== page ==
So it’s a good time to start thinking about a survival plan, whether that’s tucking money away or thinking about how customers can gain access to their location if the storefront is blocked, Loomis said.

“It’s important for us to start to talk about this early and often and to share the stories of what’s going on in K-W, in Eglinton (Toronto) and as well to even take some of our own local examples,” he said.

Kitchener-Waterloo businesses can offer some signposts. They are knee-deep in it, with construction on a light rail transit line, ION, underway since 2014. It’s expected to wrap up in 2017.

“We’ve had to adjust quite a bit,” said Mike Williamson, owner of Central Fresh Market. “We’re fortunate we’re still here.”

The Kitchener grocery store has lost about 3,000 customers and has cut employees’ hours by about 300 each week. Last year, volume was down about 20 per cent overall, resulting in a $3-million loss in sales, Williamson said.

Getting deliveries of stock to the store has also been a struggle.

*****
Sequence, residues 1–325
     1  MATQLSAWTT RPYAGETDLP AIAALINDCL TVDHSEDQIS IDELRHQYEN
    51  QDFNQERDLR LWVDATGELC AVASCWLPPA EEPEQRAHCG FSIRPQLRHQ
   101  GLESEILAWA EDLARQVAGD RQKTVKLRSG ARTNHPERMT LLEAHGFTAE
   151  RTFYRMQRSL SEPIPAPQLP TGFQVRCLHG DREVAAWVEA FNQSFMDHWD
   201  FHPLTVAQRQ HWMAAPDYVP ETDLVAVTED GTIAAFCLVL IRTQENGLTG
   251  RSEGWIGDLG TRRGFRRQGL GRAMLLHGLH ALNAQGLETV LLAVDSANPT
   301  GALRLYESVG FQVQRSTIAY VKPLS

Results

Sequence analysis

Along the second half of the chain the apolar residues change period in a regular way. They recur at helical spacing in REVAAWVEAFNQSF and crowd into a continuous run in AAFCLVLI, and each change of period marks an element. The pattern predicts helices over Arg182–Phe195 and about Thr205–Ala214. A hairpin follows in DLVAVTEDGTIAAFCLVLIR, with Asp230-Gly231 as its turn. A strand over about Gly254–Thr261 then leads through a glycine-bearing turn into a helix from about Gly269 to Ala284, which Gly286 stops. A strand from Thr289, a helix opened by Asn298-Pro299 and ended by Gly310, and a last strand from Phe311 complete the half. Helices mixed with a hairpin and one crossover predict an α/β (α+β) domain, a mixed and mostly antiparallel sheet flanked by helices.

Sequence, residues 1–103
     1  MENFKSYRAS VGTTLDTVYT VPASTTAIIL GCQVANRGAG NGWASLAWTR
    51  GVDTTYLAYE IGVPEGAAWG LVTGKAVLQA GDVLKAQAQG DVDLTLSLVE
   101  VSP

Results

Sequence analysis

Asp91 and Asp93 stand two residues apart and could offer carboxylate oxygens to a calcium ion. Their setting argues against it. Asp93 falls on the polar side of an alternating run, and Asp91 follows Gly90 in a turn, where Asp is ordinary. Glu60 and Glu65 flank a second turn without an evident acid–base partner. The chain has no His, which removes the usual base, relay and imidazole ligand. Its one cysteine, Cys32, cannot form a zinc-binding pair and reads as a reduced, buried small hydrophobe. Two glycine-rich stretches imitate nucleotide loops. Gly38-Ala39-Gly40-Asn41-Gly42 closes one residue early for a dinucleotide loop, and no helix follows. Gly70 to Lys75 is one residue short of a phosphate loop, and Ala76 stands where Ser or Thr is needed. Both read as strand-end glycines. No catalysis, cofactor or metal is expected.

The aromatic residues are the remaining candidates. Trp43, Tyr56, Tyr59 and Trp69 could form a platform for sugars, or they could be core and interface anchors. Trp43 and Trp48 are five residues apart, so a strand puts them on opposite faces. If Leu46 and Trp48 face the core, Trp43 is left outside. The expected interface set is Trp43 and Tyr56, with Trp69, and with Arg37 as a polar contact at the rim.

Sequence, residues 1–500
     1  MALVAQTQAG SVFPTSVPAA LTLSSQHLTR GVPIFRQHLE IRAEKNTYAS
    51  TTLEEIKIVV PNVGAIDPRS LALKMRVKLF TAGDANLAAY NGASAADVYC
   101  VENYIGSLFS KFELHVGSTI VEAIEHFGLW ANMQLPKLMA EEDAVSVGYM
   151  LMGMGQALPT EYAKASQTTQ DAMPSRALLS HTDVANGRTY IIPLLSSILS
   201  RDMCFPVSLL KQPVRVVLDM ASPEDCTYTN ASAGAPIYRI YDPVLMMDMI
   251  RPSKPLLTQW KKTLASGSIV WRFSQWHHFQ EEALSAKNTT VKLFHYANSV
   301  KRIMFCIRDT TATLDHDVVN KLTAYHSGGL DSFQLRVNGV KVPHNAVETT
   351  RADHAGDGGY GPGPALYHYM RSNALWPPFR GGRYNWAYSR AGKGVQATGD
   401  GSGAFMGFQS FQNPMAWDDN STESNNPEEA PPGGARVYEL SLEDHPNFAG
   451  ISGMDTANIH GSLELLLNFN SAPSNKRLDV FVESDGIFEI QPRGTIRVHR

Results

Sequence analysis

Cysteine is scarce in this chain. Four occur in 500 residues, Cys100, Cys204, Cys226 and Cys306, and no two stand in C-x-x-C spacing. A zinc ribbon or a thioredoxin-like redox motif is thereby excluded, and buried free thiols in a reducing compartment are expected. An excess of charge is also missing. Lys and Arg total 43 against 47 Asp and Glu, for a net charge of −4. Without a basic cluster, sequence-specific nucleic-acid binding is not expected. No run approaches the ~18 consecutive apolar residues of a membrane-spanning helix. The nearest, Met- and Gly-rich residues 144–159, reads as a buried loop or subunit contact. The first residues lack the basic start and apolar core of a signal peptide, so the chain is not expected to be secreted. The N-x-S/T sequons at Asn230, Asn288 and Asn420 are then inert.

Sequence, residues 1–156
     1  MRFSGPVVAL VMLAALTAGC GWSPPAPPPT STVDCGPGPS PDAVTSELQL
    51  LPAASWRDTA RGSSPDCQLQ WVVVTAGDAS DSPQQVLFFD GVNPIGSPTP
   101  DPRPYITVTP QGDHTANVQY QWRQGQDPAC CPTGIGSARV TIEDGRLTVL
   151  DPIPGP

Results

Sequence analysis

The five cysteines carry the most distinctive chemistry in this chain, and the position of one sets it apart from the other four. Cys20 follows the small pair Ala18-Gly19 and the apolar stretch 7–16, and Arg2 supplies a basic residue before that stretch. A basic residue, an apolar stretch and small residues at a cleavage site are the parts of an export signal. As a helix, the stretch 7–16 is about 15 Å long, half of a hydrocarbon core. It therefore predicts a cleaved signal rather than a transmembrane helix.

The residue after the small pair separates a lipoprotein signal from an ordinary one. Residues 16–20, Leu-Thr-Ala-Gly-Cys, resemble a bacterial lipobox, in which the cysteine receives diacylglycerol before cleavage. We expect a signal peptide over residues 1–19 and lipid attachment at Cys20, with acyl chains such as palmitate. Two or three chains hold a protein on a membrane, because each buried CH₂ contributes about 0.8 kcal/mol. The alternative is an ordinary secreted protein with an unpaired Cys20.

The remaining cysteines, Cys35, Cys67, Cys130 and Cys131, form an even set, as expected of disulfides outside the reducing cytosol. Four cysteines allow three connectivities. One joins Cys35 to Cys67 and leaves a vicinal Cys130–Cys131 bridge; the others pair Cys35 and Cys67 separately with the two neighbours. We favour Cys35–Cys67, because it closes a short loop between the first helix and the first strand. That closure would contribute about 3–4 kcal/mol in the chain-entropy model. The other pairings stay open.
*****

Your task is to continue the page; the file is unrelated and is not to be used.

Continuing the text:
“It’s just become more and more and more difficult,” he said.

Patti Brooks, executive director of the UpTown Waterloo BIA, said while some businesses in her area have reported lower sales, others have seen an increase — possibly due to loyal customers and people making an effort to shop local during construction.

For Keflet Shekedin of Onroad Driving School, the number of students in his driving education classes has dropped so much that his course, previously held weekly, now runs once a month. To help boost uptake, Shekedin started driving several students to and from class, which has meant logging up to 500 kilometres for each session.

Tyson Reiser — owner of Café Pyrus — turned to a small army of pink plastic flamingoes. He put them up when the sidewalk outside his restaurant started getting ripped up, and soon enough, the buzz around these plastic birds started to spread on social media.

“They were a way-finding process. They were a way to identify with us as a location.”